In Florida, religiously-affiliated schools that are part of the state’s tax credit scholarship program are under attack by some individuals who allege the schools’ religious beliefs are discriminatory and therefor, the schools should not be supported. This position is in direct conflict with U.S. Supreme Court precedent, which is relevant in Espinoza. When religiously-affiliated schools participate in student-aid programs, the state’s position regarding those schools must be neutral; discriminatory judgment regarding religious beliefs would violate the right to freely exercise those beliefs.
Thinly veiled attempts to compel scholarship groups or the state to violate neutrality toward religiously-affiliated schools is ill-considered.
During Espinoza oral arguments, Supreme Court justices were reminded that parents, not scholarship groups or the state, decide which school is the right fit for their children. Florida donors targeting religiously-affiliated schools should also be reminded that parents choose these schools; sometimes parents’ religious beliefs align with the schools, and sometimes parents choose a school for reasons that have nothing to do with religion. When corporate donors oppose the religious beliefs of those schools, they are punishing parents for choosing those schools, regardless the reason. Corporate donors have no requirement to fund scholarships, but when they stop funding scholarships to compel discrimination against those who hold certain religious beliefs, that’s wrong – and offensive to the First Amendment of the Constitution.
“Generally available and religiously neutral student-aid programs” fund parents on behalf of their children; the public benefit of these programs is directed to students through their parents. “Student-aid” programs do not fund schools. This principle has been clear since the Court’s 2002 Zelman decision. As Dick Komer, the Institute for Justice attorney representing parents in Espinoza, stated to the U.S. Supreme Court during oral arguments, “Zelman has already answered the question about who this program is aiding. It’s not aiding the schools. It is aiding the parents.”
No person has asked the U.S. Supreme Court to force states to directly fund private schools like they directly fund public schools. Nonetheless, the Court chose to take the funding question to another level during Espinoza oral arguments.
Justice Breyer began the discussion with probing questions on whether a win for the parents in this case would also mean states would be forced to fund private schools directly along with funding public schools. Would a favorable decision mean states would violate the Constitution if they failed to directly fund both public and private schools?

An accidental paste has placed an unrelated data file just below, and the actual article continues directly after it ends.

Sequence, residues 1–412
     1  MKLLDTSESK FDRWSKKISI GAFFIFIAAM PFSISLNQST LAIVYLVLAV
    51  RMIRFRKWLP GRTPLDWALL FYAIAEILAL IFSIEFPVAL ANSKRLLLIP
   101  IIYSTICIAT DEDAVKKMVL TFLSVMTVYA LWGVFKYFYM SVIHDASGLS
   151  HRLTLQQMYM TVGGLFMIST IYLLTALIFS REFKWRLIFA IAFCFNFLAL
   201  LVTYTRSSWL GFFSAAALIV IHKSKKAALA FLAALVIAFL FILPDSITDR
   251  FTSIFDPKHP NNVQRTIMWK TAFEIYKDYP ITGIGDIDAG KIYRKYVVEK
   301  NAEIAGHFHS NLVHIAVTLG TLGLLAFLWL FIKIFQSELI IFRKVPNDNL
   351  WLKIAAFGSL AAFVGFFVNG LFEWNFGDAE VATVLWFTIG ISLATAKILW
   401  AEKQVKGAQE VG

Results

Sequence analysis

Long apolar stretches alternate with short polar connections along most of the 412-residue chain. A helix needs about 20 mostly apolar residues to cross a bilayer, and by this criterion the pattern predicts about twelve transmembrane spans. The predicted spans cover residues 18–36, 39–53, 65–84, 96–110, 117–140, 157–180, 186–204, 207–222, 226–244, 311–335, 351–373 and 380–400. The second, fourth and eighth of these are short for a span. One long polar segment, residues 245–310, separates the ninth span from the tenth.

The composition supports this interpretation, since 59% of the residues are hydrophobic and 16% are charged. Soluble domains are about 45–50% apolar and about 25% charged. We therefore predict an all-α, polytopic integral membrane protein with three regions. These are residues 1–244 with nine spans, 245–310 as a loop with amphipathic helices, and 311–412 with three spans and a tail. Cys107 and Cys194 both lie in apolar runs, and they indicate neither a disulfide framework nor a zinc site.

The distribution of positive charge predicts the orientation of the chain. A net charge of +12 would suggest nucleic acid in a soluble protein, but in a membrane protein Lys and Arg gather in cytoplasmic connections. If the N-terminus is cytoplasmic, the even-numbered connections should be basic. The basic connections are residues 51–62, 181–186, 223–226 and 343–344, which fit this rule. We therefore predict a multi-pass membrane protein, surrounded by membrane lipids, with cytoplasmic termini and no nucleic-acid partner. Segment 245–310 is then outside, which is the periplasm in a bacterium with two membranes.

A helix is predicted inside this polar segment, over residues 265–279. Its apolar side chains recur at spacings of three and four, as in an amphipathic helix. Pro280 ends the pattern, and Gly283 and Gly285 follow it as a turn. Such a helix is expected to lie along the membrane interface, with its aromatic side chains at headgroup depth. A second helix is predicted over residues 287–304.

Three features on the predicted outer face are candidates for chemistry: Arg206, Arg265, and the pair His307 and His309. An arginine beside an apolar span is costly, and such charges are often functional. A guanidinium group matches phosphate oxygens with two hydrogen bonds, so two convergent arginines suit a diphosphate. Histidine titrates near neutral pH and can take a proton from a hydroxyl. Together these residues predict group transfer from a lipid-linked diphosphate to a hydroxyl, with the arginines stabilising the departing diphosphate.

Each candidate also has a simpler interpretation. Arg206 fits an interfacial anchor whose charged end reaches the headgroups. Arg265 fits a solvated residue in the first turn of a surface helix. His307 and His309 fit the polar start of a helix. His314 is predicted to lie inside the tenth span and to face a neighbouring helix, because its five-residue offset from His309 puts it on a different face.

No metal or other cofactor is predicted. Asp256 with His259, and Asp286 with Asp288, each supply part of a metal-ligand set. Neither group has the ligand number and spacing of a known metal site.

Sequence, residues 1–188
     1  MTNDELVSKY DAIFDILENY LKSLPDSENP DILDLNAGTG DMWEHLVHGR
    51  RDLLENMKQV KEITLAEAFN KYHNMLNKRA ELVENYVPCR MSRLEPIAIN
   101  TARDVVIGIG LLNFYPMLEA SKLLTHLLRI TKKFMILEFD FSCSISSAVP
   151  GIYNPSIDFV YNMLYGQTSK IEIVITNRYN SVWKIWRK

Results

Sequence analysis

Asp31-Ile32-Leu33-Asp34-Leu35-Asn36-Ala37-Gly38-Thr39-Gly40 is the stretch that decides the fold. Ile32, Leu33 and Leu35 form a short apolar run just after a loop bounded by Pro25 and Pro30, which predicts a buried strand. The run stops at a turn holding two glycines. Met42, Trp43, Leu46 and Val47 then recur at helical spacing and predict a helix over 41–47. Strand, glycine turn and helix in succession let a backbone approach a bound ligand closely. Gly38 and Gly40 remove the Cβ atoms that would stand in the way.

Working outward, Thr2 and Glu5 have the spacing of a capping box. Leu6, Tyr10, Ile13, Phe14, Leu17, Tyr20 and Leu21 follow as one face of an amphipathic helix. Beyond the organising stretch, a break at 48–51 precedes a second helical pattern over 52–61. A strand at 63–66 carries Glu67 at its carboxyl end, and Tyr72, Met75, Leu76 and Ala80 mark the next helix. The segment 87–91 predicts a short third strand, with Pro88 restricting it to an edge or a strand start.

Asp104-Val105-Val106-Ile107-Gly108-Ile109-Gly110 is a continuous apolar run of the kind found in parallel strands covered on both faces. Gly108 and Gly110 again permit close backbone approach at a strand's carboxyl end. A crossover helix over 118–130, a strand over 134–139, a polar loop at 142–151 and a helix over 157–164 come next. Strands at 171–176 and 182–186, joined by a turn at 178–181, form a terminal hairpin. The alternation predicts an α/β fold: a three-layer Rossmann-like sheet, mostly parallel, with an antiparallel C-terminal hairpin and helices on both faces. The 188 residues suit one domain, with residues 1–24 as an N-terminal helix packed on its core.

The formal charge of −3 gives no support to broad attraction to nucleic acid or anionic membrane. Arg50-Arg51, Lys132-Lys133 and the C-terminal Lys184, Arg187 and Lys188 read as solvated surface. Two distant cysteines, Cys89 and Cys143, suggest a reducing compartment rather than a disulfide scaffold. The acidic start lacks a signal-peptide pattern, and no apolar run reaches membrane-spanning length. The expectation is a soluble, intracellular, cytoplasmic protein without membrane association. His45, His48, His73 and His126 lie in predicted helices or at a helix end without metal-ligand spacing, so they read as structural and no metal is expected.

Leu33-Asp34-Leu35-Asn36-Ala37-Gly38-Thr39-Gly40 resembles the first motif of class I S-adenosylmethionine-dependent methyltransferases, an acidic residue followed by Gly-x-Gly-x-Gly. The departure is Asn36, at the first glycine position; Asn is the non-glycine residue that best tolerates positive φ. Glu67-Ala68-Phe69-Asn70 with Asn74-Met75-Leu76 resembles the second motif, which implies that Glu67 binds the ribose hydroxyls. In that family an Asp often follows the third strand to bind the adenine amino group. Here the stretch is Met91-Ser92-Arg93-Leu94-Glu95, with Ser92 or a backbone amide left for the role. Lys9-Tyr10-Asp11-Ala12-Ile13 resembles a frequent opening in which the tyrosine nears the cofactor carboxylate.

An important, and unexpected, lesson emerged from this line of questioning.
Montana’s school choice program applies universally to all children in that state. And Justice Breyer’s questions rested solely on the principle that education funding applies to all children. He drew no distinction between education funding for children whose parents have higher income or lower income, or children who attend “A” rated or “F” rated schools, as is the case with many school choice programs.
As I listened to the debate, it struck me that a discussion on school choice funding that presumed funding would apply universally to all children was unusual. And it was refreshing.
Advocates of educational freedom often disagree about whether it is possible, or even desirable, for a state to provide scholarship programs for all children, regardless of income or circumstances. Yet, Supreme Court decisions on the constitutionality of educational choice apply to all children, not some children. This is a good precedent that all education reformers should follow.
The explosion of education alternatives illustrated in Step Up For Students’ Education Landscape document proves options are continuing to grow, with micro-schools being the latest alternative presenting real learning opportunities for children. As we continue to embrace innovative ways to educate the next generation of leaders, we should be mindful that all children have a right to learn.
If you notice that the sparkle of youth and joy of learning – that twinkle in your child’s eyes – has disappeared, Justice Clarence Thomas and Justice Ruth Bader Ginsburg and their peers may be the last people you’ll think about when wondering if you’ll be able to access an education for your child that will rekindle that joy of learning. However, now is the time to pay attention to the Supreme Court, and to learn a powerful lesson about providing educational benefits to all children.